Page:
Paredrodesmus, Mesibov, Robert, 2003

Mesibov, Robert, 2003, Two new and unusual genera of millipedes (Diplopoda: Polydesmida) from Tasmania, Australia, Zootaxa 368, pp. 1-32: 8-9

publication ID 10.5281/zenodo.157087

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n. gen.

Paredrodesmus   n. gen.

Type species: Paredrodesmus taurulus   n. sp.

Further assigned species: P. aceriodendron   n. sp., P. australis   n. sp., P. bicalcar   n. sp., P. monticolus   n. sp. and P. purpureus   n. sp.

Diagnosis: Small, cylindrical dalodesmoids with head + 19 segments and no sphaerotrichomes; a much­reduced paranotum on somite 2 but no trace of a paranotum on more posterior segments; pore formula 5, 7–18. Readily distinguished from the similar and cooccuring dalodesmoid genus Procophorella   by the complete absence of paranota on segments posterior to somite 2.

Description: Males 9–12 mm long, 0.8–1.0 mm in maximum vertical diameter. Colour varying between species, and within species ranging from pale (uncoloured) to yellowishtan, or purple ( P. purpureus   ). Head with antennal sockets only slightly impressed, variably separated; vertigial sulcus prominent. Antennomere 6 the longest, variably inflated. Collum narrower than head, anterior and posterior margins nearly straight, corners slightly rounded. From above, somite 2 about as wide as collum, somite width increasing slightly and gradually caudad. Somites with variably weak constriction between pro­ and metazonite; a few setae on the anterior margin of the collum and on the pre­anal somite, somite surfaces otherwise free of setae and featureless. Paranotum on somite 2 a slight thickening just below the level of the collum corner; no trace of paranota on more posterior somites. Ozopores ovoid (long axis dorsoventral), opening midlaterally on somites 5, 7–18 ( Fig. 3 View FIGURE 3 ). Sternites a little longer than wide. Leg­pairs 1–7 variably incrassate, more so anteriorly; ventral leg setae short, no sphaerotrichomes on any legs; midbody legs with prefemur, femur about equal in length, tarsus a little longer ( Fig. 6 View FIGURE 6 C). Anterior spiracle on diplosegments directly over anterior leg, posterior spiracle midway between legs. Pre­anal ring lightly setose; hypoproct paraboloid in outline; epiproct ( Fig. 9 View FIGURE 9 ) tapering to a blunt point, extending past the anal valves and with several long setae, in P. bicalcar   divided into two large spurs. Genital opening on leg 2 coxa on variably developed projection. Gonopod aperture about half the width of the somite 7 metazonite, a little wider than long, the anterior margin nearly straight. Gonopod coxae enclosed within gonopod cavity and well separated from aperture margins. Coxae rounded, tapering slightly distally, joined along mesal surface forming a variably integral syncoxite. Cannula prominent, inserting in shallow depression in telopodite base. Female slightly longer and stouter than male, waist much less conspicuous; epigynum with posterior rim slightly raised; cyphopods not examined in any species.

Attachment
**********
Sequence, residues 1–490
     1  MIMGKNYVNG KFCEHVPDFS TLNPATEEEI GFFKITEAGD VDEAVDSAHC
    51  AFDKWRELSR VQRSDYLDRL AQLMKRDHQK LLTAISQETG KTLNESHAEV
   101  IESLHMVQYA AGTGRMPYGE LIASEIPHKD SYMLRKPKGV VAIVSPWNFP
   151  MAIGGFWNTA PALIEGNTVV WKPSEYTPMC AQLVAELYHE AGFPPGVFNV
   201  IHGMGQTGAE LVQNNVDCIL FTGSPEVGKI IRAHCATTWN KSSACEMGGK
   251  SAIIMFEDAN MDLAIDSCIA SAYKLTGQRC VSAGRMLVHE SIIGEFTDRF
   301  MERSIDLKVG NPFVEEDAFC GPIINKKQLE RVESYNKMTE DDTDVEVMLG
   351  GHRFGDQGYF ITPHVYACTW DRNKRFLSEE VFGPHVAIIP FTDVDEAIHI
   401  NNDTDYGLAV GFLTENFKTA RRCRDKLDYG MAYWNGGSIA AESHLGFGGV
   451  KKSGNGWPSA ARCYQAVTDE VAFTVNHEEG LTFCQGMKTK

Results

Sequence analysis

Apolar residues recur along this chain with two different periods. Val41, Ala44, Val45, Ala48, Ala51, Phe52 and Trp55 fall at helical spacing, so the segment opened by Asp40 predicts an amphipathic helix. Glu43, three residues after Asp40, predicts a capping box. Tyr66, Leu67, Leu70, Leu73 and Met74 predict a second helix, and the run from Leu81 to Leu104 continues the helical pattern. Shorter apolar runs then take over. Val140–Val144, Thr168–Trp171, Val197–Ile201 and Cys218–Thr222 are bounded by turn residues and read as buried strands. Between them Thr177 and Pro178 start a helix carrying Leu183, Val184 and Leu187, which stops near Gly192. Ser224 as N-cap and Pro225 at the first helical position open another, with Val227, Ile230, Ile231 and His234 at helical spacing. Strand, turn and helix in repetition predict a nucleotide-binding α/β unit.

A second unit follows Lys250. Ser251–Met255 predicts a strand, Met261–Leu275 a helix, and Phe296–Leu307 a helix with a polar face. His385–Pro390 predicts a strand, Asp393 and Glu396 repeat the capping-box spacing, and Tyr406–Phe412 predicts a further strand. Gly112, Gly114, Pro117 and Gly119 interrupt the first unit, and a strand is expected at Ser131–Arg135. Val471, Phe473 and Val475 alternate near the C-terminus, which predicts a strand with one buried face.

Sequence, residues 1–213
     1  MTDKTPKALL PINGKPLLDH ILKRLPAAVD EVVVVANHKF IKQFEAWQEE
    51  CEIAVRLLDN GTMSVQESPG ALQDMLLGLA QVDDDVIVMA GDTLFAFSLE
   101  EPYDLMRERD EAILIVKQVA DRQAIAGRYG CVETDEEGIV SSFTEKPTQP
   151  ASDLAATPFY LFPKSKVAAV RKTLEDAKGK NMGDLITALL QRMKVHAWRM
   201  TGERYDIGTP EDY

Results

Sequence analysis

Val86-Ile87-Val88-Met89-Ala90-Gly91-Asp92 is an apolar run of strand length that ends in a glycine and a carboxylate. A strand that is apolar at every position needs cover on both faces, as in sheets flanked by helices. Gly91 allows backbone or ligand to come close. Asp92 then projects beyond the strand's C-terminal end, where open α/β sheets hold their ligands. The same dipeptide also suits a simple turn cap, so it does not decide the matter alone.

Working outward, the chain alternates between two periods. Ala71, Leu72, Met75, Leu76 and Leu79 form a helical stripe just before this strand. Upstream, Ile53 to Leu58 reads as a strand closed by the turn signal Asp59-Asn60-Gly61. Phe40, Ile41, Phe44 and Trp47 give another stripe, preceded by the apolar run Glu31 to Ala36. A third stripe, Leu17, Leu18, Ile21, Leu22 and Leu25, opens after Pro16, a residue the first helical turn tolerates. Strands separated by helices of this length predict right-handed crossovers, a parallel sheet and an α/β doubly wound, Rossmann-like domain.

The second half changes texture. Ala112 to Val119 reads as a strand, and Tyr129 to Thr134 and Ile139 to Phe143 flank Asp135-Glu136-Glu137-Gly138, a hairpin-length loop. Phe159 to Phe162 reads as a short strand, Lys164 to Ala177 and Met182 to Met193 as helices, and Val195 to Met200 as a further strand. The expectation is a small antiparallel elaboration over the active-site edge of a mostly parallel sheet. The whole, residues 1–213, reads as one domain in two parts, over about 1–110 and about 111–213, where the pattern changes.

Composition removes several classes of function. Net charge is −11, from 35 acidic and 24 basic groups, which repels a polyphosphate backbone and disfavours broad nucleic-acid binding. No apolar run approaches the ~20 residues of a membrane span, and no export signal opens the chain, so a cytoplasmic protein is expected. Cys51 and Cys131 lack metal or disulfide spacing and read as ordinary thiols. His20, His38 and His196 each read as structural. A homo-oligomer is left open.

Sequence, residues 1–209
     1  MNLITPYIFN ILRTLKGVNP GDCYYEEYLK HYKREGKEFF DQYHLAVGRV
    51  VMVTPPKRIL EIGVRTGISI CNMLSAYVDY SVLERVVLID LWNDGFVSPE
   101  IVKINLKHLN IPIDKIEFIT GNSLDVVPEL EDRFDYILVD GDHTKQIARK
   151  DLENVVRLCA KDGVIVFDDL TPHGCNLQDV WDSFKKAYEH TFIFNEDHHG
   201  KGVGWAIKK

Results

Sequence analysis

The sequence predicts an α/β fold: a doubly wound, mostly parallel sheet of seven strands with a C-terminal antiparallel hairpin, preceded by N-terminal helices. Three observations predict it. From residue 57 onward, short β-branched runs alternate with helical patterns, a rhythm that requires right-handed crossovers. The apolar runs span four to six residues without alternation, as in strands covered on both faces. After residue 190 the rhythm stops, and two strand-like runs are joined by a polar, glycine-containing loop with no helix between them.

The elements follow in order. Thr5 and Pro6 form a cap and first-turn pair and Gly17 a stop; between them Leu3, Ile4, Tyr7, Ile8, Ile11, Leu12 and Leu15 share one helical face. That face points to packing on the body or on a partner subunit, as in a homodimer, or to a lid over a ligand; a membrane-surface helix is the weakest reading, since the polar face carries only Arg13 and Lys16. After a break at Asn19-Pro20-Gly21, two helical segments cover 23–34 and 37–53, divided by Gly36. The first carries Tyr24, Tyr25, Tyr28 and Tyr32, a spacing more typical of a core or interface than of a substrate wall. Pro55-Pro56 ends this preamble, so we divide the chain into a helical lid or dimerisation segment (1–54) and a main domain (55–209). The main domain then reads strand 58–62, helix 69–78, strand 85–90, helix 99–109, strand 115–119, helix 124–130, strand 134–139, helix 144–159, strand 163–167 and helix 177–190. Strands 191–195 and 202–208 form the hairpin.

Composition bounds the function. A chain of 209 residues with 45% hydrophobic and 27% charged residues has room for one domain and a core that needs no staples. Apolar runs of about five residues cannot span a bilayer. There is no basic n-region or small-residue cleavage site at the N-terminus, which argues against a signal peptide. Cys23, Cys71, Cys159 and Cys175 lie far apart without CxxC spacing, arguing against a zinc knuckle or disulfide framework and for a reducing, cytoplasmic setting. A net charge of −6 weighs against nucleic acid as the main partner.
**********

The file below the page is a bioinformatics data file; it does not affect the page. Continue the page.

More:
Etymology: Greek paredros, sitting beside, + ­ desmus, commonly used ending for generic names of Polydesmida   ; masculine gender. So named because specimens in this genus are almost invariably found close together in humus and soil.

Remarks: Paredrodesmus   species are remarkably diverse in gonopod structure and in some details of the anterior legs. They are tentatively grouped here as a genus because they are very similar in overall morphology, very different from other known Australian dalodesmoids and geographically coherent. The six named species show almost no variation in gonopod form across individual species ranges. A seventh species is known from a single male collected near Strathgordon, Tasmania, and will be described when more material becomes available. In the Strathgordon specimen and in five of the species described below, the telopodite bears thickened, pointed, peg­like structures, similar to the ‘starker Stifte’ [stout pegs] said by Attems (1940: 446) to be a characteristic feature of the dalodesmid genus Icosidesmus Humbert   & de Saussure, 1869. However, in the latter genus the pegs typically occur as clusters midway along the telopodite, while in Paredrodesmus   they arise from the telopodite apex. The presence of these structures does not appear to be a good synapomorphy for Icosidesmus   and Paredrodesmus   .